Delivery firm DPD and B&Q owner Kingfisher are now recruiting thousands of UK staff due to a huge surge in online shopping.
High street shops being closed for several months during lockdown led to a huge increase in the amount of people shopping online.
Though the shops were given the go-ahead to reopen on 15 June in England, online sales continue to remain high, in what has been described by DPD bosses as the "biggest boom in online retailing" the UK had ever seen.”
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Kingfisher’s CEO, Thierry Garnier explained that the new positions will be "temporary" placements required during the summer.
He also said that the length of these roles are dependent on levels of demand once coronavirus measures begin to ease and as more people feel confident shopping in person.
Kingfisher has said it intends to recruit 3,000 to 4,000 more staff, with 50 per cent of them in the UK.
Meanwhile, DPD announced its plan to hire 3,500 drivers and 2,500 support staff, such as mechanics and parcel sorters.
In a job advert for a “Multi Drop Delivery And Collection Driver” posted by DPD local, the company wrote “Here at DPD Local, we are looking for enthusiastic customer-centric Employed Multi-Drop drivers to join our existing team.”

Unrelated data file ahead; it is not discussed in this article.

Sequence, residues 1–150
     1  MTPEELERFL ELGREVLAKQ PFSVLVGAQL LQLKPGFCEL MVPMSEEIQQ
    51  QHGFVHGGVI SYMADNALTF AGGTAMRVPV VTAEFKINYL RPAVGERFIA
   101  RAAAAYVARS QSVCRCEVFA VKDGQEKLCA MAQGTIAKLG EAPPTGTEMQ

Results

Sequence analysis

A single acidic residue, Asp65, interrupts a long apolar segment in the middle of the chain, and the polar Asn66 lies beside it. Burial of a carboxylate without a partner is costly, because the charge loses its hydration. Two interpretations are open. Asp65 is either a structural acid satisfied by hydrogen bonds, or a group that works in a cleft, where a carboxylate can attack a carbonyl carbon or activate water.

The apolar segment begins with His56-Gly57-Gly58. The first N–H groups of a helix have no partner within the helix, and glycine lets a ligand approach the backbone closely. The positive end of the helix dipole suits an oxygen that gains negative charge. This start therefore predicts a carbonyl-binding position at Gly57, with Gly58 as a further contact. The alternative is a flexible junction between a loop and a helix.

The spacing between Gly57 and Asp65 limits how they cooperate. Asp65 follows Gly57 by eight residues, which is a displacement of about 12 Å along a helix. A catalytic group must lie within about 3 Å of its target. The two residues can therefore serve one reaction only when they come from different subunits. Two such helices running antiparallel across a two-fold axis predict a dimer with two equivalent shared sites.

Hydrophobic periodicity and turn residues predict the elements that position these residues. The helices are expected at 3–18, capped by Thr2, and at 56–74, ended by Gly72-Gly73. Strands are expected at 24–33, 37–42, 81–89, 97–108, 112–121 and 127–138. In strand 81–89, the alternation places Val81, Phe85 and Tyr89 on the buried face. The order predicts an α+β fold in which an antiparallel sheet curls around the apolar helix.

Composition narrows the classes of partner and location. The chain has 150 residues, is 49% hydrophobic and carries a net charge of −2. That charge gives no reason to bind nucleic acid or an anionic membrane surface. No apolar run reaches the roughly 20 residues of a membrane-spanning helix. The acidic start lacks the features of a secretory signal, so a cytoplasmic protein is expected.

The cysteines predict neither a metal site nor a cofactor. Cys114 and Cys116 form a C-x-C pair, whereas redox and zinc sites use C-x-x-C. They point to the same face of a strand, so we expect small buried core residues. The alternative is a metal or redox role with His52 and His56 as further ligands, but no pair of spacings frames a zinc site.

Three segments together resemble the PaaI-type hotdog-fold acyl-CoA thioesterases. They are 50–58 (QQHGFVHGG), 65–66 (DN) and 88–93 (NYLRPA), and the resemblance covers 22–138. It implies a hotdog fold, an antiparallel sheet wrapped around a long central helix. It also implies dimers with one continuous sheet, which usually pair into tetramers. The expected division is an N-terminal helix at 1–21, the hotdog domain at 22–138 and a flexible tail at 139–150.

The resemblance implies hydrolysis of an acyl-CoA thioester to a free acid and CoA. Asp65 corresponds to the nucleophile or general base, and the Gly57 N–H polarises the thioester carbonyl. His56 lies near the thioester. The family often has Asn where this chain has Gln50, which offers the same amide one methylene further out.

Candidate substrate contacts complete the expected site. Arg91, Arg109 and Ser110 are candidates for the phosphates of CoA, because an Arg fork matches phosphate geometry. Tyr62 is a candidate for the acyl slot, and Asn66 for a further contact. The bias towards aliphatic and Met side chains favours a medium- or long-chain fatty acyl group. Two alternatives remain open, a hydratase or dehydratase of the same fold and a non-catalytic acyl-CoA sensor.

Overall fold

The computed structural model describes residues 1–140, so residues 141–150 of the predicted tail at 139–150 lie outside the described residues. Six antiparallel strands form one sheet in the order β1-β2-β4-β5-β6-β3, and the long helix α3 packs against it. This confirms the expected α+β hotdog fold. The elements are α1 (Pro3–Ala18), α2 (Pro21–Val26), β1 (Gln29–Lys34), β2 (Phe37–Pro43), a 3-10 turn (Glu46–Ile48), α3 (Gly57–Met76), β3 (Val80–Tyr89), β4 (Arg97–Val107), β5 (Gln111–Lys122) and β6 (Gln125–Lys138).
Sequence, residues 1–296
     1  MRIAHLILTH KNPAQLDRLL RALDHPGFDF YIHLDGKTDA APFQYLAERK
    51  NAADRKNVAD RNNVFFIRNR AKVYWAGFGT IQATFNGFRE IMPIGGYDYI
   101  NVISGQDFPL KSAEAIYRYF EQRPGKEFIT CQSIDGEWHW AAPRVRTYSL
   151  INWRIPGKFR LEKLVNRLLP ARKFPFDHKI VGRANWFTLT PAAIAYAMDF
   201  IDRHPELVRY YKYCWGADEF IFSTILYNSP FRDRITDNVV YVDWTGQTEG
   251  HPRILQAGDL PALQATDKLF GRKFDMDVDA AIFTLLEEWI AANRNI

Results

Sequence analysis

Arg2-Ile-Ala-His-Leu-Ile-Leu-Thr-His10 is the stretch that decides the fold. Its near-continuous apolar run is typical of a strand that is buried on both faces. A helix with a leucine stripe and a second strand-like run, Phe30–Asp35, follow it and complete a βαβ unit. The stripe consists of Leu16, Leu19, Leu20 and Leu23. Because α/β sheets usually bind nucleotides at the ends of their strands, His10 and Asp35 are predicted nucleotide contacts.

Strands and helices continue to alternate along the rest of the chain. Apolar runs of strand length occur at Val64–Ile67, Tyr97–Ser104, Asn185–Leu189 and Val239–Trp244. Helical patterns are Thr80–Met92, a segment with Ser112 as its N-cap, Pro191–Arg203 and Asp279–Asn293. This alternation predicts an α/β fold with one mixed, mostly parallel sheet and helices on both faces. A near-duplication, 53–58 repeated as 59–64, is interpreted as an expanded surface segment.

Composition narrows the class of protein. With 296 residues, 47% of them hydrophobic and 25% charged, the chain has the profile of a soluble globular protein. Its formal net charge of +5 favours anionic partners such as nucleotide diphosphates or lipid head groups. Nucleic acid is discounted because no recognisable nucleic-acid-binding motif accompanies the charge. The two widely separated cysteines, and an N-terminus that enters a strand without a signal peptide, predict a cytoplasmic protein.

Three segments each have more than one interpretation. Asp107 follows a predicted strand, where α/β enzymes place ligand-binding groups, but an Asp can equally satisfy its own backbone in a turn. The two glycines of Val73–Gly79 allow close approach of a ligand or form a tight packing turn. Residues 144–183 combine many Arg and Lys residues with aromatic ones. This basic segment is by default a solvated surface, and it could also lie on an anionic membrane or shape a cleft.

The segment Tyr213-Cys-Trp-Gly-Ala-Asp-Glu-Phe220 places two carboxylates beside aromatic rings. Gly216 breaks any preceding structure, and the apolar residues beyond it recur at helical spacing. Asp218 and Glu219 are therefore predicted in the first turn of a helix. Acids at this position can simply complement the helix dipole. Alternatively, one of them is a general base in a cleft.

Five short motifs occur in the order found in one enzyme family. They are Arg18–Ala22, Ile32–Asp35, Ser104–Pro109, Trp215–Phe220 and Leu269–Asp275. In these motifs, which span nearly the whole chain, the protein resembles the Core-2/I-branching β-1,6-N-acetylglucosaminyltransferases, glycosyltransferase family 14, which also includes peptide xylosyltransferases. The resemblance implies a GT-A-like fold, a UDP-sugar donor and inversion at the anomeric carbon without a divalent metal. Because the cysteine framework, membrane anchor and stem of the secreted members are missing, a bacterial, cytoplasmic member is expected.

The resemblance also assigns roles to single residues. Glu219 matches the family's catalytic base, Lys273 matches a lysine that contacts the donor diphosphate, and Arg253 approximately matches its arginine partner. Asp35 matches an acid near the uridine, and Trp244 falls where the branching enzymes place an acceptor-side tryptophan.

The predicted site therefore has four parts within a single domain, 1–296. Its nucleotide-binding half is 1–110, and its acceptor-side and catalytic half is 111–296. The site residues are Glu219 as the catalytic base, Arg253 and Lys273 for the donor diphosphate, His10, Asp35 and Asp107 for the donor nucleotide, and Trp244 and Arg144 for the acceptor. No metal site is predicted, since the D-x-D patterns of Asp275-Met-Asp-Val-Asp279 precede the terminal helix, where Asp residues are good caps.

The job is listed as paying £9.15 per hour however the listing states there is a “bonus scheme in place” and the role can pay up to “£23,000 - £30,000” a year, depending on the routes worked.
‘20% more online deliveries than in 2019’
DPD boss Dwain McDonald described the effect lockdown had on online sales, saying, "Since this began, we have been handling parcel volumes more akin to the festive seasonal peak than this time of year.”
Kingfisher, the firm that owns both B&Q and Screwfix, said online sales had more than tripled between the first two full months of lockdown.
The management consultancy firm McKinsey & Company revealed that parcel deliveries increased by as much as 40 per cent since the start of lockdown.
The firm also predicted that there will be a 20% annual increase in deliveries compared to 2019, despite online orders slowing down as retail stores reopen.
"We expect some of the online surge for the retail sector to stick but not at the levels seen at the start of the lockdown," said Florian Neuhaus, a McKinsey partner.